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Mid tower case recommendations?

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dgk

Member
Joined
Feb 2, 2001
Location
Delray Beach FL
Ok, I really would prefer to avoid a full tower (TB1200 A7V). I need a decent PSU and four 5 1/4" drives (two swappable disks, one CD, one burner). I have an Enlight that takes two 80mm fans but need another case for a TB900. So, that will get the Enlight and the 1200 gets the new case (and Swiftech 462A). Now what other suggestions do folks have. The problem with a full tower is that, unless it is a small full tower, it won't fit under my desk and that would be bad. And I read in some other thread that 90mm fans are much better than 80 but 120 is not a great boost over 90. So 90 it is. Money isn't a major consideration but it depends on whether the power supply is included and so on.

Gentlemen (and MsNath), I eagerly await your suggestions.
 

klosters64a

Senior Member
Joined
Dec 17, 2000
Location
Seattle, Wa
Four exposed 5.25" bays are hard to find in a Mid. AFAIK, the Enlight 7237 is the smallest case that features four 5.25's.

A T-Bird system demands 100 cfm of case throughput. At minimum, IMHO. 100 cfm may not be sufficient! Two 80mm fans can't do it. Neither can two 92mm fans.

You could spend a LOT of time searching for a case that meets your requirements. If I remember right, very few of the "jumbo" mids sport four exposed 5.25" bays.

Perhaps it would be more efficacious to resign yourself to cutting a 7237. It's not rocket science, nonetheless you do want to be careful dealing with sheet metal. The stuff bends out of true and dimples easily, while resenting and resisting efforts to drill it and cut it.

You have to plan holes for fans carefully. Unless you've a friend that does TIG welding. In other words, steel that's gone doesn't grow back.

Cutting a hole for a 120 mm intake fan where the mount for the 80mm is is often done. I didn't, because the 7237 is NOT a strong case, and you remove what appears to be a crucial structural member if you do cut the hole for a 120mm intake fan in that spot.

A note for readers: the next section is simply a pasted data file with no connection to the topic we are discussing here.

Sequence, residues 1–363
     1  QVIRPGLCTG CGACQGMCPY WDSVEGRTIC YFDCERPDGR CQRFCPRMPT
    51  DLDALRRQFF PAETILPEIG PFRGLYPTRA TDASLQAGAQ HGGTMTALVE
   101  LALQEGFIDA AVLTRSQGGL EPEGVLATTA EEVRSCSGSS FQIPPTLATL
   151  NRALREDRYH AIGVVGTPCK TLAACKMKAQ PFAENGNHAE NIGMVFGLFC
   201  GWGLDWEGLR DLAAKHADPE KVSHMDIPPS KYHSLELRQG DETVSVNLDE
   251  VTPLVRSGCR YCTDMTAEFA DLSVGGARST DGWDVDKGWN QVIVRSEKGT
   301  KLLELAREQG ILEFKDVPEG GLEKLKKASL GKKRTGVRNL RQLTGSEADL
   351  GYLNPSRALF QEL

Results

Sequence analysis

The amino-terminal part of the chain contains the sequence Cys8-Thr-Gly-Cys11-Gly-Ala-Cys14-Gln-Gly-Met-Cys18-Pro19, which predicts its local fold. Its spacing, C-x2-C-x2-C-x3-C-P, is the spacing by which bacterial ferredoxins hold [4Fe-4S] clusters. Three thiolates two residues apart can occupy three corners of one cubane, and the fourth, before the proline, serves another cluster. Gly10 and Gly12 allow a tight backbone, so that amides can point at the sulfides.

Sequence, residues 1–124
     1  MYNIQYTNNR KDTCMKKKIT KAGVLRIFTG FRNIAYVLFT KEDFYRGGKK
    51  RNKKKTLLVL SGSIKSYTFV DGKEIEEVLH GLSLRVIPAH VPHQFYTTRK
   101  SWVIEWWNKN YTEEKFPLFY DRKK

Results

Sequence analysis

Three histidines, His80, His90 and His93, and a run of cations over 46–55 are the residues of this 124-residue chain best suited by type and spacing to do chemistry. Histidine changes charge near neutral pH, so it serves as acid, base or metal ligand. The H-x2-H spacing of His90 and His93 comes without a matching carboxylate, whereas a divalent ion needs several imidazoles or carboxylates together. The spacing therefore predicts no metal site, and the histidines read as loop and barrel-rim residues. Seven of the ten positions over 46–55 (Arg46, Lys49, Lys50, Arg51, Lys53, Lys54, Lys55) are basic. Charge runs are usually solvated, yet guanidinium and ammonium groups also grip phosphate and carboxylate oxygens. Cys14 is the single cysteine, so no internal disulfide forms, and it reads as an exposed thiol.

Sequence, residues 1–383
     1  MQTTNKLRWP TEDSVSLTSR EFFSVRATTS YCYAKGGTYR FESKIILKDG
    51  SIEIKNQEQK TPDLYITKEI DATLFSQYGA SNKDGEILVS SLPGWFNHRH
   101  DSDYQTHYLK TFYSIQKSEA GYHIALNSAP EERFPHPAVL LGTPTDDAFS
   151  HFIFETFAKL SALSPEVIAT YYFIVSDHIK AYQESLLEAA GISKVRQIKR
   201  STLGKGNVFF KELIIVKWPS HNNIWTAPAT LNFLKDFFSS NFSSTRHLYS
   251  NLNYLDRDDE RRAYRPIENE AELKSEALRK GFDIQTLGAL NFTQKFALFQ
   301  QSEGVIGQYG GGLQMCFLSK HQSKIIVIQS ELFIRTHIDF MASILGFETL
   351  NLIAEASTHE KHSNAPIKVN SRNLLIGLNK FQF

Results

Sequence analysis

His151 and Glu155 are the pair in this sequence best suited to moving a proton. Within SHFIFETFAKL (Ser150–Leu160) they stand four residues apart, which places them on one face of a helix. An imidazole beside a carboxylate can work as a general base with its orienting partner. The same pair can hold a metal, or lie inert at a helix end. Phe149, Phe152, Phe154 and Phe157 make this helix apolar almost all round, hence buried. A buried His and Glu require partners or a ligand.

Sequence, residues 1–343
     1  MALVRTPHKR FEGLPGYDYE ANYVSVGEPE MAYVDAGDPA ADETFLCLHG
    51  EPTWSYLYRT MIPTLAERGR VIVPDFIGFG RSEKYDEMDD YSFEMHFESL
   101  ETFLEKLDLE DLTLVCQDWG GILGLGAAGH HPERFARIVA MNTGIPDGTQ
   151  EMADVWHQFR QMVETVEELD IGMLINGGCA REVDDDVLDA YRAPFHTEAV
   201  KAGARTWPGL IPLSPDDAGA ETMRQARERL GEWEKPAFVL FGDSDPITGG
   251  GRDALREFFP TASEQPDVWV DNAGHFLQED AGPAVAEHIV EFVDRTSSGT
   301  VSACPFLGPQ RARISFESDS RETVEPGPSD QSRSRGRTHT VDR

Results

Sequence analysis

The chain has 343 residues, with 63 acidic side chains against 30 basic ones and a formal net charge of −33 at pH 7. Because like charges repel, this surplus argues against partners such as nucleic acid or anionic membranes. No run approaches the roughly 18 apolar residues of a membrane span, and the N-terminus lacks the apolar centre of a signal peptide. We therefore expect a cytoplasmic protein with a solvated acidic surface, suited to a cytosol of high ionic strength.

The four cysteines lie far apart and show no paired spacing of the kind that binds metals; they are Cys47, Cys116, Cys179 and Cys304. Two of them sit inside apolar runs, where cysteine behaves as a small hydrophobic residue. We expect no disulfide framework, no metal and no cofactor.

The left hand side cover begs for a fan or fans. Placement of same is(always) restricted by HDD hangars and PCI cards on the mainboard. (Unless you wish to mount the fan on the outside of the case. I've done it-- it looks weird.)

The rear stock 80mm mount point is widened to accommodate a 92 mm fan, fairly easily.

Btw, there's a huge difference in the cfm abilities of 92mm and 120mm fans. Bigger is always better. More air, less RPM's= More quiet.
 

Hoot

Inactive Moderator
Joined
Feb 13, 2001
Location
Twin Cities
I love my Enlight EN-7237. Great bang-for-buck. Order it without a PSU and get a good one separately.

Hoot
 

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Registered
Joined
Jun 11, 2001
I just purchased a Generation-X (never heard of em before) mid tower. It has 4 5.25" external and 2 3.5"external and one 3.5 internal. I am running 2 80mm generic fans as intake and exhaust and a generic CPU cooler on a T-Bird 1.33, 3D Prophet 4500, 30Gig 7200 rpm HD, 300W PS. and I am running a bit hot, Board sensor says mid 40's, sytem has been up for a week now I intend to invest in a good quality heatsink and that should be an adequate solution as long as I don't overclock (my water cooling system is still in design stages :)) Oh, it only cost $50 with one addidtional case fan. It doesn't have any fancy gadgets like sliding motherboard tray or HD trays but it works great on a budget.

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Registered
Joined
Jun 11, 2001
I just purchased a Generation-X (never heard of em before) mid tower. It has 4 5.25" external and 2 3.5"external and one 3.5 internal. I am running 2 80mm generic fans as intake and exhaust and a generic CPU cooler on a T-Bird 1.33, 3D Prophet 4500, 30Gig 7200 rpm HD, 300W PS. and I am running a bit hot, Board sensor says mid 40's, sytem has been up for a week now I intend to invest in a good quality heatsink and that should be an adequate solution as long as I don't overclock (my water cooling system is still in design stages :)) Oh, it only cost $50 with one addidtional case fan. It doesn't have any fancy gadgets like sliding motherboard tray or HD trays but it works great on a budget.

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